Tyler “Ninja” Blevins is back on Twitch. He has signed a multi-year contract with the platform where he made his name, and his first stream under the deal starts at 3PM ET.
"I am excited to get back to streaming full-time and connecting with my loyal fanbase," Ninja said in a statement. "I really took my time to decide which platform was best and Twitch has been supportive throughout this process and understanding my overall career goals. In this next chapter, I’m going to make it a point to elevate and bring more eyes to underrepresented creators. I am looking forward to working with Twitch to demonstrate how this amazing community of gamers can make a meaningful impact."
Ninja started streaming on Twitch a decade ago and built a huge community there, but he left in August 2019 to stream on Mixer. Despite Microsoft landing him and other top streamers on exclusive contracts, it couldn’t keep pace with Twitch, Facebook Gaming and YouTube Gaming. It shut down Mixer in July. After he became a free agent, Ninja streamed a few times on Twitch and YouTube while figuring out his next move.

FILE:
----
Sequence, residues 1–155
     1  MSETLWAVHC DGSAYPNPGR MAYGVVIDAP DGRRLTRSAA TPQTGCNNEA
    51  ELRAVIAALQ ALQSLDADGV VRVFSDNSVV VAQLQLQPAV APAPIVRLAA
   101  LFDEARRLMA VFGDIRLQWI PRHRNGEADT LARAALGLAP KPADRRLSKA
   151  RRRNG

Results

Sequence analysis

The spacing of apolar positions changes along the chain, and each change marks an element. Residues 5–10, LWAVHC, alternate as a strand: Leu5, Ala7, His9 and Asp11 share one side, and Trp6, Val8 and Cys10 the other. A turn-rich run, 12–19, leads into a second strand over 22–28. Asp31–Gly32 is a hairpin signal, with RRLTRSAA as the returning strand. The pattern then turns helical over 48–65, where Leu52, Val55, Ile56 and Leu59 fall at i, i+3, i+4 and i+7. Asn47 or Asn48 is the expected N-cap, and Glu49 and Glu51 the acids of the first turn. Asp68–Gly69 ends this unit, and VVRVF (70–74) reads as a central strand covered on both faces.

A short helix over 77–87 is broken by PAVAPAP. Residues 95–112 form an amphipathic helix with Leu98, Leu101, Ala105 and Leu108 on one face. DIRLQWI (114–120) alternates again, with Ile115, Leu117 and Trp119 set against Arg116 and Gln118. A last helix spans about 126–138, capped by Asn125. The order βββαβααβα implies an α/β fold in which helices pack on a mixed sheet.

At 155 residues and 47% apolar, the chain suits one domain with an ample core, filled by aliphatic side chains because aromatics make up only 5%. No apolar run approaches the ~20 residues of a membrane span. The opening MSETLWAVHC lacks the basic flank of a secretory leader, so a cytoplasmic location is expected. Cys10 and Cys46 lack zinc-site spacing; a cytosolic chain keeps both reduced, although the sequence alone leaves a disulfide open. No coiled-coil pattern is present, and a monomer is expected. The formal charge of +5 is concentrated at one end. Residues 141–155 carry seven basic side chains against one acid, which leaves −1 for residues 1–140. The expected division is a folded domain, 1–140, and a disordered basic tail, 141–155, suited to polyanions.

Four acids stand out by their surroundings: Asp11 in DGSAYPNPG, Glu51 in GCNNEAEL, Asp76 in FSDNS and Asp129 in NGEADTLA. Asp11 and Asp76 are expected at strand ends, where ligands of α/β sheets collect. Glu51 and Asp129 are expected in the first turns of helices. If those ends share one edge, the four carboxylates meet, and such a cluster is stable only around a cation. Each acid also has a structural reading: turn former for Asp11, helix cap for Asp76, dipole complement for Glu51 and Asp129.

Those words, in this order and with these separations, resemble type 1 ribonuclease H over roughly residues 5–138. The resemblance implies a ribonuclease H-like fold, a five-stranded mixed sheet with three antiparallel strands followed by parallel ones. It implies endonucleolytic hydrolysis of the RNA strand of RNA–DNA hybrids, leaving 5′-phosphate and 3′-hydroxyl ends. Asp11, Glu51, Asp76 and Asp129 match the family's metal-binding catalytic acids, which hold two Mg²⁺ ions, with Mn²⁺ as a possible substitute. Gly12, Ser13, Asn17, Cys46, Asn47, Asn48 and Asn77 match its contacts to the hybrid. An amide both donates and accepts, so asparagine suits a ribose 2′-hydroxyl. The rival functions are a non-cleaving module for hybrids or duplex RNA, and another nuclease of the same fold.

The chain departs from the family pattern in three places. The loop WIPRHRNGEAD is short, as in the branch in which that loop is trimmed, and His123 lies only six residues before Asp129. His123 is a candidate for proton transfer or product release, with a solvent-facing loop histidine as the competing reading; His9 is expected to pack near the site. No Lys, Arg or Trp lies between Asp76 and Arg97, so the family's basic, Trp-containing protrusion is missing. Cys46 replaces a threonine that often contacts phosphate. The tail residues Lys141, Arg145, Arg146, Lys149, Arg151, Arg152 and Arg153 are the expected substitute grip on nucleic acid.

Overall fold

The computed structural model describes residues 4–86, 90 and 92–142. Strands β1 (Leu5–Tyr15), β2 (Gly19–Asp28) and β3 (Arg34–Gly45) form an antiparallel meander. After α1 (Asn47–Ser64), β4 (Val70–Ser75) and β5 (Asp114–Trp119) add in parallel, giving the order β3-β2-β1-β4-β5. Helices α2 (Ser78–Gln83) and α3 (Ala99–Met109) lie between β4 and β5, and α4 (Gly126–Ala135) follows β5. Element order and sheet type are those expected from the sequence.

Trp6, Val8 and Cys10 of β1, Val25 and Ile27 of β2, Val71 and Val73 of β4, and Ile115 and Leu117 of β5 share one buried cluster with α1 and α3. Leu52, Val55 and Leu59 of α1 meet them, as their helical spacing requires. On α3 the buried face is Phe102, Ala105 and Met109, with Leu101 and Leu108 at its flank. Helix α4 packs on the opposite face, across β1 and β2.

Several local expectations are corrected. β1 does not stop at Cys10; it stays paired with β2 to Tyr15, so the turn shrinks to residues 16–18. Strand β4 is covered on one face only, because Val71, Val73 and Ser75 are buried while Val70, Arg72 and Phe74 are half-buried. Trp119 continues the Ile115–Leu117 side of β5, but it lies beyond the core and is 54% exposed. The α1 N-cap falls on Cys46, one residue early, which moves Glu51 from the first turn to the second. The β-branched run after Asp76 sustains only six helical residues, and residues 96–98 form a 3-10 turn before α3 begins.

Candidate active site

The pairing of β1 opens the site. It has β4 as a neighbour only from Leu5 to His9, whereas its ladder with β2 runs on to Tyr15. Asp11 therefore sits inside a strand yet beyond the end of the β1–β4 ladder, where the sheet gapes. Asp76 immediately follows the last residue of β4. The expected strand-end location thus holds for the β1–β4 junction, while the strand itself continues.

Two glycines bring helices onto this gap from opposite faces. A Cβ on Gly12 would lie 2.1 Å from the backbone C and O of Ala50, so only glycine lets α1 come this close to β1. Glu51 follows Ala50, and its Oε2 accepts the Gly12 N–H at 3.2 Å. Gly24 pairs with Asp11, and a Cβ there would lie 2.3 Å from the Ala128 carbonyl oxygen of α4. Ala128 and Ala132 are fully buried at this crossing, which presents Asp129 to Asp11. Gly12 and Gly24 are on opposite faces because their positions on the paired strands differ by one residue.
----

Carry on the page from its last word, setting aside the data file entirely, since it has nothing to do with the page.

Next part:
There’s no denying Ninja’s star power. He has 15 million Twitch followers and 24 million YouTube subscribers. Blevins was the first gamer to get his own skin in Fortnite (the game he’s best known for playing) and he’ll soon have one in Fall Guys. His return to Twitch is a big deal, and it’s likely to help the streaming service stay well ahead of its rivals.
Ninja’s move last year kickstarted a battle between streaming services for top talent, with some staying put on Twitch, Facebook Gaming, Mixer or YouTube Gaming, and others moving elsewhere. Michael “Shroud” Grzesiek, another high-profile streamer who decamped to Mixer last year, returned to Twitch on his own exclusive deal last month, as did Soleil "Faze Ewok" Wheeler.
“We are thrilled Ninja is returning to Twitch,” said Michael Aragon, Twitch’s senior vice president of content, said in a statement. “Tyler is an iconic force in the gaming community, and it’s been amazing to see the impact he's made on the industry and broader culture. Gaming — and the people who love it — are being recognized by a broad mainstream audience now in part because of Tyler, and we know he’s just getting started.”